But on the day after claiming the sixth scientific Nobel in the past decade, many here are worried that the Jewish state’s research prowess is past its peak. Budget cuts to top universities have contributed to "brain drain" and test scores among school pupils have dropped.
At stake is more than just positive international PR from the prestige of the Nobel win. Scientific achievement is considered a strategic asset underlying its military prowess and its reputation as a center of technological innovation.
"If we are not a state that is positioned at the top of global science, we will not be a state that stands on strong legs," wrote Sever Plocker, a columnist for the Yediot Ahronot newspaper. "Thanks to science, we have an army with technological capabilities that deter every enemy, and information technology-based exports that bring Israel revenues of $25 billion every year."
Budget cuts, humiliation
But for most of the past decade, Israel’s government instituted budget cuts that forced a reduction of researchers at Israel’s leading universities, which treasury department officials saw as bloated, says Mr. Plocker in a phone interview. That sapped the competitiveness of Israeli universities by forcing young Israeli academics to look for jobs abroad, while hurting the morale of veteran staff at home.
"As scientists, we felt humiliated by the government. It didn’t seem that the government saw our activity as important," Mr. Shechtman told Israel Radio on Thursday.
Dan Diker, a fellow at the Jerusalem Center for Public Policy, says the Nobel win is a morale boost for Israel at a time that it feels increasingly isolated diplomatically. He noted that one newspaper devoted four pages of its front section to the victory.
"It reaffirms in the minds of many in leadership that Israel is an address for scientific innovation, military innovation, and technological innovation," he says.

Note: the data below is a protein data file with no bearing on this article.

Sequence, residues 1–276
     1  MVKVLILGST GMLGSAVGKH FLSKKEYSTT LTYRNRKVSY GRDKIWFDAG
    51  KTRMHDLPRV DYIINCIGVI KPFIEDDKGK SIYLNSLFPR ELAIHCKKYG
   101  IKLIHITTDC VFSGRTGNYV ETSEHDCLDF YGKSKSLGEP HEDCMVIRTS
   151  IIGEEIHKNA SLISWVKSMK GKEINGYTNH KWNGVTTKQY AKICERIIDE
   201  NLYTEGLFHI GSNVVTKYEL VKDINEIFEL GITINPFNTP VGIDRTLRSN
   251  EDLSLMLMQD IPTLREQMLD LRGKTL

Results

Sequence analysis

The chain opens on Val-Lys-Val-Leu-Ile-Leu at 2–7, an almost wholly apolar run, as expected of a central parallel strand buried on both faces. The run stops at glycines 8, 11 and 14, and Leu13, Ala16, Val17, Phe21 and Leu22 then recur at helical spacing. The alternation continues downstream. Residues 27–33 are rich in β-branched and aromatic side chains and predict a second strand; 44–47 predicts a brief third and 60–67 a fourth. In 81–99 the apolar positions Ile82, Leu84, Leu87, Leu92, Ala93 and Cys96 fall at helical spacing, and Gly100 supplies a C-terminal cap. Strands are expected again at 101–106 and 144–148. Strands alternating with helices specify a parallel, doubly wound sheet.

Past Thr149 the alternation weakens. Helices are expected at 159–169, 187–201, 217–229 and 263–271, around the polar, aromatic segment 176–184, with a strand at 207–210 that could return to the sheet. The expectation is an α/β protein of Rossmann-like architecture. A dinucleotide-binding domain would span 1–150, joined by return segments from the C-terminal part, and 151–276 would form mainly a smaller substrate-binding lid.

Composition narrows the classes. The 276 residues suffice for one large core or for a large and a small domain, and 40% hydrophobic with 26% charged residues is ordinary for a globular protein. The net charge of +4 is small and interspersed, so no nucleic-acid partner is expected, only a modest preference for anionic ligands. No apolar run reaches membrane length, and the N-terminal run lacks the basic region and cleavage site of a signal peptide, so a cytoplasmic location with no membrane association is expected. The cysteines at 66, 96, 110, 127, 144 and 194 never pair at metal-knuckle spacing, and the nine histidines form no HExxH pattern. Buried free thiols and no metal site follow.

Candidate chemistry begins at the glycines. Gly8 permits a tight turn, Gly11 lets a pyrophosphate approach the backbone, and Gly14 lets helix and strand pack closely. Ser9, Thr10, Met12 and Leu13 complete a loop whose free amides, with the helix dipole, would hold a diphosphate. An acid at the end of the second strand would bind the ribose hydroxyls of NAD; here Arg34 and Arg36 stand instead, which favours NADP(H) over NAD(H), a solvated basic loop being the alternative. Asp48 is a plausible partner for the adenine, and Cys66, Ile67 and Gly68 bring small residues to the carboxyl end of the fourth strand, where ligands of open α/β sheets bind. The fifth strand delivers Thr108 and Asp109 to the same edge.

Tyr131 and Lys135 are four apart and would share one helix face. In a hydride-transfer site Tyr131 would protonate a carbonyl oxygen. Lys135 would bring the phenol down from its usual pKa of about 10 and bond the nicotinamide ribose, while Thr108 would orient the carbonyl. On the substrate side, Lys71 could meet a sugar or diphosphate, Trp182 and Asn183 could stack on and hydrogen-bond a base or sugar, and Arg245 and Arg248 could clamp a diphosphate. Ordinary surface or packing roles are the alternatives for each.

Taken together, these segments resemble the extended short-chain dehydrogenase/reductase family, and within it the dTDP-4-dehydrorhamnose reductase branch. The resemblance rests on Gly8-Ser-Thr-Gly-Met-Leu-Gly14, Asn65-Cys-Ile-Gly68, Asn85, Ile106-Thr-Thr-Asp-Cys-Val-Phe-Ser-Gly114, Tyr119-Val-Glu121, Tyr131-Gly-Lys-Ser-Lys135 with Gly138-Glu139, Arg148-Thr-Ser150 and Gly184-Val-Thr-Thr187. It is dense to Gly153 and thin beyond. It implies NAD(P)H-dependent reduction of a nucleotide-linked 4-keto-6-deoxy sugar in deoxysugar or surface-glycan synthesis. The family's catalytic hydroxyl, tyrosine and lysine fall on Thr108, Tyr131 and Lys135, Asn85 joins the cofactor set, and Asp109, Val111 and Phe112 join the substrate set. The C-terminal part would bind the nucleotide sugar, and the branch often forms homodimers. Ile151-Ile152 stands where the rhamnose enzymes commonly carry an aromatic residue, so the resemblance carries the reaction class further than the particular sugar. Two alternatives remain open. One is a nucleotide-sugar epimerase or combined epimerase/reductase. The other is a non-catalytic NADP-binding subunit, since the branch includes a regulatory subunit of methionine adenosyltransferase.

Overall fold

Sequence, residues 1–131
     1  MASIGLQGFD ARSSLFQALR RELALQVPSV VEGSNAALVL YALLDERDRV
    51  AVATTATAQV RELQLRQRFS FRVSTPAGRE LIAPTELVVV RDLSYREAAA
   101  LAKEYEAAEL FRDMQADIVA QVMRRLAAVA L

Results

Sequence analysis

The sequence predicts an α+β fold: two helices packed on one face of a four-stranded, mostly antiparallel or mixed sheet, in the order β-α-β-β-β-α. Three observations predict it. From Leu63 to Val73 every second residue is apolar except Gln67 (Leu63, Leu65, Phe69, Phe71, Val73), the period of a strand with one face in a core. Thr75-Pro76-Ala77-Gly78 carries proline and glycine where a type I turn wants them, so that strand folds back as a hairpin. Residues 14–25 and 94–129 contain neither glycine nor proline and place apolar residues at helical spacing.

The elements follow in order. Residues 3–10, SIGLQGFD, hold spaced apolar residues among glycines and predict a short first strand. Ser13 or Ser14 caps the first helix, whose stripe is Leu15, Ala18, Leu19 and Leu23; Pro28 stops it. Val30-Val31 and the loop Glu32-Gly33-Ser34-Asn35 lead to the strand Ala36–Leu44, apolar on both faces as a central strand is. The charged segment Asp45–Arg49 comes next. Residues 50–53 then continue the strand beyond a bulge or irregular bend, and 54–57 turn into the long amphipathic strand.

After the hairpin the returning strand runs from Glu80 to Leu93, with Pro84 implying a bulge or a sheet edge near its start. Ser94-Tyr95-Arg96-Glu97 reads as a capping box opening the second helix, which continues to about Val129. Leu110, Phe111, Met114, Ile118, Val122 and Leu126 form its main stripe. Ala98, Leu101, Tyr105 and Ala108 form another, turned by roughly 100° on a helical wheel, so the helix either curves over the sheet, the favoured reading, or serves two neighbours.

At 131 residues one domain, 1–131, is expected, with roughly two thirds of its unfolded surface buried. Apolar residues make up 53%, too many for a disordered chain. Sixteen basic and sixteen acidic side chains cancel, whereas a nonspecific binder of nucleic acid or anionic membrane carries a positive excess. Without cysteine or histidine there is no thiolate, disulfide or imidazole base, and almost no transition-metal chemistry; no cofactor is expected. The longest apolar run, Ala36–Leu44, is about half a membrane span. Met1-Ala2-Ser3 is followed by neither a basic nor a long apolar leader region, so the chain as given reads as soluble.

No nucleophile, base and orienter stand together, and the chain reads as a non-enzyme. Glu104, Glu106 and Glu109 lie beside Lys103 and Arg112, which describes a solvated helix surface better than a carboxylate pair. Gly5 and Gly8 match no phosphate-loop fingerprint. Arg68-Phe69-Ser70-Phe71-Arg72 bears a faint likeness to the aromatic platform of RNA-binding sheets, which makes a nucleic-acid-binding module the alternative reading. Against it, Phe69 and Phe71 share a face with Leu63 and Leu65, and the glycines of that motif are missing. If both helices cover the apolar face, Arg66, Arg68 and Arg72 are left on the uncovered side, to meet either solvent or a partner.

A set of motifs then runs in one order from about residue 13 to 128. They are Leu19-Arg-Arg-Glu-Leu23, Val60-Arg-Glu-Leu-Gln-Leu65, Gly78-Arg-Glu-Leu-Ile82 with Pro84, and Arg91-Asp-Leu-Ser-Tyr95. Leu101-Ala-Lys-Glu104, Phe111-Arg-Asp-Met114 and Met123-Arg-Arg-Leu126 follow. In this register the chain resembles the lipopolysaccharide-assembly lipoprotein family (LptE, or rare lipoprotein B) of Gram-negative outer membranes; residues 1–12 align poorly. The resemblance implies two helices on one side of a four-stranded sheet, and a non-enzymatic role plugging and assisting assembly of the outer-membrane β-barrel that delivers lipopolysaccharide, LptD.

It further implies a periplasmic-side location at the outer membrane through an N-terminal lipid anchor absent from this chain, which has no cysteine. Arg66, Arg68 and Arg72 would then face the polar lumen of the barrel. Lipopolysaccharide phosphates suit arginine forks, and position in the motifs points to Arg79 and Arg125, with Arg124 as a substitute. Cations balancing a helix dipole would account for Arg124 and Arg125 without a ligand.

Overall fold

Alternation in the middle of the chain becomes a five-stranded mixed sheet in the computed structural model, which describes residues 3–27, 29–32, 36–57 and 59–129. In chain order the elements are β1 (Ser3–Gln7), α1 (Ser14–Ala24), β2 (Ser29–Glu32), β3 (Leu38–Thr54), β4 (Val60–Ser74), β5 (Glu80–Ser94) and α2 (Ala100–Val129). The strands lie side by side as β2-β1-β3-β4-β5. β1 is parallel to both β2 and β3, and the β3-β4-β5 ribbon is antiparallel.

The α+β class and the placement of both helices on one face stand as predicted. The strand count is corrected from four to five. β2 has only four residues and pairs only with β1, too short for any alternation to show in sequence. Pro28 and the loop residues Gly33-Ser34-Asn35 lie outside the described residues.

Low teacher salaries, flagging test scores
At the primary and secondary level, Israelis worry that standardized test scores have fallen off sharply compared to the rest of the world. As in the US, low teacher salaries are blamed for deterring quality instructors from entering the profession.
"The teacher used to be a folk hero in every community. That status has eroded," says Erel Margalit, chairman of Jerusalem Venture Partners, a fund that invests in technology start-ups. "In different parts of the country the public education system isn’t as strong as it used to be. It needs more competitive tools. Management needs to be rebooted and refreshed."
Recognizing the danger, Israel’s government has pursued reform to reverse the decline, allocating an extra $2 billion for universities to expand staff and research institutes meant to lure back Israelis from abroad.
"It's too early to tell, of course, if these various reforms will be enough to restore Israeli research to its former glory," wrote Haaretz in an editorial on today. "But at least there is reason to hope that the phenomenon of Israeli Nobel Prize winners will not become a thing of the past."